Stock prices for many bond insurers dipped yesterday because of their exposure to Orange County, Calif., but officials for the firms said the crisis will ultimately prove to be good for business.

At the New York Stock Exchange's 4 p.m. close, AMBAC Indemnity Corp.'s stock ended the day down 1 1/4 points, while Enhance Financial Services Group Inc., a reinsurer, finished down 7/8 point, and Financial Security Assurance closed down 3/8 point.

Spokespersons at each firm attributed the losses to the insurers' exposure to bonds issued by either Orange County or municipalities that participated in the county's troubled investment pool.

On Tuesday, the county filed for bankruptcy after announcing huge losses in its pooled investment fund.

The stocks of other insurers performed better. During the day, Capital Reinsurance Corp. fell as much as a point, but ended the session 7/8 point higher. Capital Guaranty Insurance Co. ended 1/8 point higher, and Municipal Bond Investors Assurance Corp. rose 3/4 point.

John Cathey, a spokesman for AMBAC, attributed the decline in his firm's stock prices to Orange County. AMBAC has insured approximately $253.7 million of revenue bonds for Orange County since 1982, according to Securities Data Co.

Financial Security Assurance insured $20.6 million of county debt. It could not be determined if Enhance has any exposure to county debt.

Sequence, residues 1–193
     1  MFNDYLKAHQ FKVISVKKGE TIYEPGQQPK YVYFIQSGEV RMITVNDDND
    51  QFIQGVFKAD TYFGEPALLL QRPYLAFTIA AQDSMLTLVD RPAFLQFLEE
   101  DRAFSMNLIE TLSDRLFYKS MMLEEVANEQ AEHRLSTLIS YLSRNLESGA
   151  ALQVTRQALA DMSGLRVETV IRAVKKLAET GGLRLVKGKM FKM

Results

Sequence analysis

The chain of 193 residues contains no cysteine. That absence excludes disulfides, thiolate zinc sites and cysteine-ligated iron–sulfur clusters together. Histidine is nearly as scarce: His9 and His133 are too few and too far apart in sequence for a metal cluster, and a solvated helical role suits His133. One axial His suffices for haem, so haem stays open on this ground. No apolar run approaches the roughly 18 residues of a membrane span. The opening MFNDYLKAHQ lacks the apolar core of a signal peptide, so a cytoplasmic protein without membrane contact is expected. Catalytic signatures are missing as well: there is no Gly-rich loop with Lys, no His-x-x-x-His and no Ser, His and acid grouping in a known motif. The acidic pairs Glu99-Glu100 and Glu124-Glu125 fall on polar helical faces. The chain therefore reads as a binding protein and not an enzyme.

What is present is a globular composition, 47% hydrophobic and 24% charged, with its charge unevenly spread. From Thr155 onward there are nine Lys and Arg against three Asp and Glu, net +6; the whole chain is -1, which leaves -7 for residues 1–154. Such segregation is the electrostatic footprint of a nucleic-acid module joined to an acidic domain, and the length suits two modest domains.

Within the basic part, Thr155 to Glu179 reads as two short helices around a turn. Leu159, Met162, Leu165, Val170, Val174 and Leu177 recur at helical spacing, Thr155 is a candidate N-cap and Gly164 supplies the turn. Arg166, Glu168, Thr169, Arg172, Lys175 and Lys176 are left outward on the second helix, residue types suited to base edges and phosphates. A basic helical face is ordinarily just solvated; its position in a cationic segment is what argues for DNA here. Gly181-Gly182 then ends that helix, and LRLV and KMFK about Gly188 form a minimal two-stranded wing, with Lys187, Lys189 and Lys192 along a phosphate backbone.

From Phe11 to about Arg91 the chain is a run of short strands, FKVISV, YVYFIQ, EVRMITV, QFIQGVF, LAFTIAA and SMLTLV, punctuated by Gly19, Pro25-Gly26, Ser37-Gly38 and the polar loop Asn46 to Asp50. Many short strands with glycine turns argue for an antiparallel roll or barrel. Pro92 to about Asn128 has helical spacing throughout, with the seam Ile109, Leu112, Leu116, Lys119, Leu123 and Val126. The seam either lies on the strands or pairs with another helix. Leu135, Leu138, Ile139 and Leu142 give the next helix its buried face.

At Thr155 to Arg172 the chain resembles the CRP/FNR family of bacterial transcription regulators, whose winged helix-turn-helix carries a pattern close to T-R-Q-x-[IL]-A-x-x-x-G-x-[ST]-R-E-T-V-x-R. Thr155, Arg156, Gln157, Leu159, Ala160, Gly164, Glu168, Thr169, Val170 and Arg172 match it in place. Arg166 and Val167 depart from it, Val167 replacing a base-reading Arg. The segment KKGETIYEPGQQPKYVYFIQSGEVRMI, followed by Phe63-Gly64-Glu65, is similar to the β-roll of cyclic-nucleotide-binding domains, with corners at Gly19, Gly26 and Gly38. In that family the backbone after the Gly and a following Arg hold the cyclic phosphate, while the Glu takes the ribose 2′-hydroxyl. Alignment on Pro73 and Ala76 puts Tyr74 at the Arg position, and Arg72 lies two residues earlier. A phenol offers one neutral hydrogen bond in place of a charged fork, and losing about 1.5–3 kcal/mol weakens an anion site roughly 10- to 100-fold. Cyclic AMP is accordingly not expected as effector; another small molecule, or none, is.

Cathey of AMBAC said he suspected that MBIA stock was up yesterday because AMBAC has more exposure to Orange County bonds than MBIA.

MBIA spokesman Michael C. Ballinger said the firm never comments on its stock activity, up or down, as a matter of policy.

But other insurance officials did address Orange County's recently declared bankruptcy, saying the industry will eventually benefit from the crisis even though stocks are taking an initial hit.

Roger Taylor, chief operating officer for FSA, said yesterday's lower stock prices marketwide reflected a "knee-jerk concern" that "there are more Orange Counties out there." In terms of the bond insurance industry, Taylor said, such concern will turn out to be nothing more than a "market blip."

"When Bridgeport and Philadelphia got hit and stocks went down quite significantly, bond insurers bounced back," Taylor said. "It just made insurance a more attractive product."

A spokeswoman for Enhance Financial Services Group said the volatility in industry stocks was "inappropriate," despite the problems in Orange County.

The whole financial guaranty industry believes there will not be major repercussions to insurers from Orange County," the spokeswoman said. "Some Street sources say the value of bond insurance is clearly recognized in an event of this sort, which may provide more business for the insurers going forward. This is why people buy insured bonds."

But some insurance executives said both underwriters and bond insurers need to demand higher spreads on the deals they underwrite given the risks involved.

Insurers pledge to cover both interest and principal on the securities they guarantee.

"This is finally an opportunity to increase pricing," said a market participant. "The Orange County situation shows how much value bond insurers and underwriters add to the process, and we're not properly compensated for it."

Financial Guaranty Insurance Co. is not priced on the open stock market. FGIC is a subsidiary of GE Capital, and FGIC's stock does not trade publicly, said L. Harrison Thayer, director of corporate communications for the firm.

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